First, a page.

From Alzheimer’s News Today:
A recent study revealed the potential of a walnut-enriched diet to benefit brain-health. The animal study was published in the Journal of Alzheimer’s Disease and details how a diet including walnuts may have positive effects against Alzheimer’s disease by reducing the risk of contracting the disease, delaying the onset, and slowing the progression.
The research was led by Abha Chauhan, PhD, head of the Developmental Neuroscience Laboratory at the New York State Institute for Basic Research in Developmental Disabilities (IBR) and the outcomes are that mice fed with a walnut-enriched diet had substantial improvement in memory, learning skills, motor development, and reduced anxiety.
The high antioxidant portion existent in walnuts (3.7 mmol/ounce) may act as a brain protective factor against the degeneration common in Alzheimer’s disease. Both oxidative stress and inflammation are prominent features in Alzheimer’s disease.
More than 5 million people in the US are affected by Alzheimer’s disease.
This post originally appeared on the LivHome blog.
More than 40% of adults over 60 feel lonely on a regular basis, and the cost of senior isolation is high: chronic loneliness among older adults is a predictor of functional decline and even death. Unfortunately, in our modern times seniors and their families often live far apart. How do we stay close to older loved ones when we can’t see them every day?
I believe very strongly in the power of thoughtful gifts to ease senior isolation. Gifts are a great way to show love when you’re not able to visit. Don’t know what to get? Here are a few gift guidelines:
- Keep it simple. Most people over 60 have all the “stuff” they need. Rather than sending large or expensive items, send a few smaller gifts. Things that they can use such as snacks, stationery, and personal care items are always appreciated.
- Make it pretty. Nicely wrapped presents, no matter what they are, really show that you care.
- Make it personal. The best part of the gift is the thought behind it. That warm feeling of being loved lasts much longer than the present itself. Personal touches like photos and a note add a great deal to the gift experience.
My own grandparents live thousands of miles away. The best part about sending them gifts is always the phone call that comes when the package arrives, when I can hear the joy in their voices. These experiences inspired me to create a service that helps other people stay close to their older loved ones.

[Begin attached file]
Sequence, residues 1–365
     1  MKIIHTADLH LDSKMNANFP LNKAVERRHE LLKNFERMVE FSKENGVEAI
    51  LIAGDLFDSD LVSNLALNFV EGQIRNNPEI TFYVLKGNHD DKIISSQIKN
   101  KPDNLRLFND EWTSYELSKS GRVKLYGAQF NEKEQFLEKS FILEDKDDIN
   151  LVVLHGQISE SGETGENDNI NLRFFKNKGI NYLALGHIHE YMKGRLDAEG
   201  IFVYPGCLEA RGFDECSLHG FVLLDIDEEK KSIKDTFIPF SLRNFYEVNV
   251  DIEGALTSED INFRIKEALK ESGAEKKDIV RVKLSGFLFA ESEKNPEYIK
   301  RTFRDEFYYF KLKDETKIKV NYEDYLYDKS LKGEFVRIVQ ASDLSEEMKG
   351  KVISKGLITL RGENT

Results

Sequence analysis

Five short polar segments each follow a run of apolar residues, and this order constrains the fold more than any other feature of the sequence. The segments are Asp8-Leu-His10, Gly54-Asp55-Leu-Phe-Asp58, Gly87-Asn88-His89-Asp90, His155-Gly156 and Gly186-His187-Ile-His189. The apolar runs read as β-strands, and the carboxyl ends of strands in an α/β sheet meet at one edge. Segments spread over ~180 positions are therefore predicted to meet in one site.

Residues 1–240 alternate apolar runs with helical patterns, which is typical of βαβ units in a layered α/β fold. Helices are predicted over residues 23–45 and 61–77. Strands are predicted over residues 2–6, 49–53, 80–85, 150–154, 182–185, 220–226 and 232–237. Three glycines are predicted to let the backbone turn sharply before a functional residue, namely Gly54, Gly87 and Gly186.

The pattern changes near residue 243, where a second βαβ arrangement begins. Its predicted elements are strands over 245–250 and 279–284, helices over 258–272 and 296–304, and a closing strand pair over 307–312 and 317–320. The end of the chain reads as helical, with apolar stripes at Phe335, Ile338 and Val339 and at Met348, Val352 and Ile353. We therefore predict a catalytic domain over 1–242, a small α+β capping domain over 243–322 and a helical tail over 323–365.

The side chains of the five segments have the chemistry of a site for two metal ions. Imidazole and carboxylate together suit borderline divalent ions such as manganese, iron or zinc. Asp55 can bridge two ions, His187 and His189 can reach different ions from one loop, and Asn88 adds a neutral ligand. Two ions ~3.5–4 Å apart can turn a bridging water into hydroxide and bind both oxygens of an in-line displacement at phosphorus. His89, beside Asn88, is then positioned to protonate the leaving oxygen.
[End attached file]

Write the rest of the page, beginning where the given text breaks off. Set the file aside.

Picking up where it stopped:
My company Gramsly makes care packages for seniors, and we customize each one based on the intended recipient. I love learning about my customer’s loved ones and and choosing the perfect gifts for them. Every box tells a unique story that I feel privileged to share. One person sent a Gramsly box to celebrate a 99th birthday. Another client sent a box to her grandmother who was unable to attend her upcoming wedding. Gramsly boxes are also sent as “get well” gifts or holiday presents. In all cases, the senior recipients are overjoyed that someone thought enough of them to send a present. Most importantly, the gift giving invariably leads to a heartfelt conversation between the giver and the recipient, bringing them closer together.
Every day Gramsly helps families stay connected. If you’d like to send a gift to someone special, please visit our website for more information.
We’ve just discovered a fantastic blog that is (sadly) no longer being updated. Started by actor/writer Seth Menachem, it’s called Life Advice From Old People, and it has more than 100 posts of video interviews with older people giving advice and telling their stories.
The very first post is an interview with his neighbor Abe, who was 90 years old at the time:
So, Abe’s been my neighbor for years. He’s a good guy who’s had a rough patch while taking care of a very sick wife for the last 15 years. It’s drained him financially and emotionally and having caretakers in his house 24/7 is “a pain in the ass.” So, he spends a lot of time outside of his house. We take walks together and I sit and talk with him and his friend, Frank – both of whom are from the same town in Poland and as Jews had to escape during the war. They ended up in Russia. Frank worked for a short time in Siberia and then was locked away in a Siberian prison for years. Abe worked in Russia and also spent some time in prison. When he got out, he went back to his town to find his parents were both dead and his house razed to the ground. His parents were killed in Auschwitz. He went to Israel where his brother had emigrated and they lived together there for years. It is Abe and Frank who sparked this “life advice from old people” idea for me, as I often sit on the stoop and talk to these guys for hours.
Check out the blog to see more videos. We think they’re wonderful!